“When people need health information, they have to go to many different websites to find it and don’t always know where to look,” stated Bradley. “If their community healthcare provider can be a one-stop shop, that’s pretty powerful.”
In terms of benefit to St. David’s, Bradley remarked, “This was an opportunity to connect with our community and provide people with information to help them live healthier lives. In building a relationship and sense of trust with people when there’s not a health-related need, when the time comes that they have a need, we are top of mind.”
How to Make Content Work for Your Healthcare Organization
You may be thinking, “We’re a small regional hospital (or physician’s practice) and we simply don’t have the staff to implement such an approach.”
I hear you and understand the resource limitations you face. There are ways to make this work, however.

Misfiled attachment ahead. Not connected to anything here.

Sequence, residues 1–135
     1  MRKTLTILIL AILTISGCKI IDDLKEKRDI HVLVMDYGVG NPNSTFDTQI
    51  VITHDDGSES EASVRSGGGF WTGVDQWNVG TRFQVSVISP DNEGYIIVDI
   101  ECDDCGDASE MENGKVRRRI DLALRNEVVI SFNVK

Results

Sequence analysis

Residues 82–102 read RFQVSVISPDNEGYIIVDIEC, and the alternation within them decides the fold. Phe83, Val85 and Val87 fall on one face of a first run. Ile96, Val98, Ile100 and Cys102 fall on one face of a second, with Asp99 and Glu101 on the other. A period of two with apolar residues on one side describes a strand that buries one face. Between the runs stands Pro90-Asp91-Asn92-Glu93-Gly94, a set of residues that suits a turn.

1. Start with a plan
The first is to outline the reasons why you’re taking a content approach. It needs align with the mission of the organization and support its marketing goals and objectives.
The “why” for Live Healthy grew out of St. David’s commitment to the community. “We’re out in the community on a regular basis helping people learn how to live healthier lives. This was an extension of what we already do,” said Bradley.
Once a rationale has been determined, there are several tactical steps to take:
- Create blogger/writer guidelines and governance policy;
- Develop a content calendar (St. David’s creates an annual calendar);
- Set up a blogger/writer selection process and training program;
- Establish a content review/editing process;
- Determine an appropriate technology platform;
- Design and deploy the site, and then set the plan in motion.
2. Get others involved
Note that Live Healthy is written by members of the medical staff, not the marketing department. St. David’s staff had the knowledge and expertise to provide useful information, and many were anxious to participate.
Are there staff members in your facility who could contribute an article once per month?
3. Curate instead of create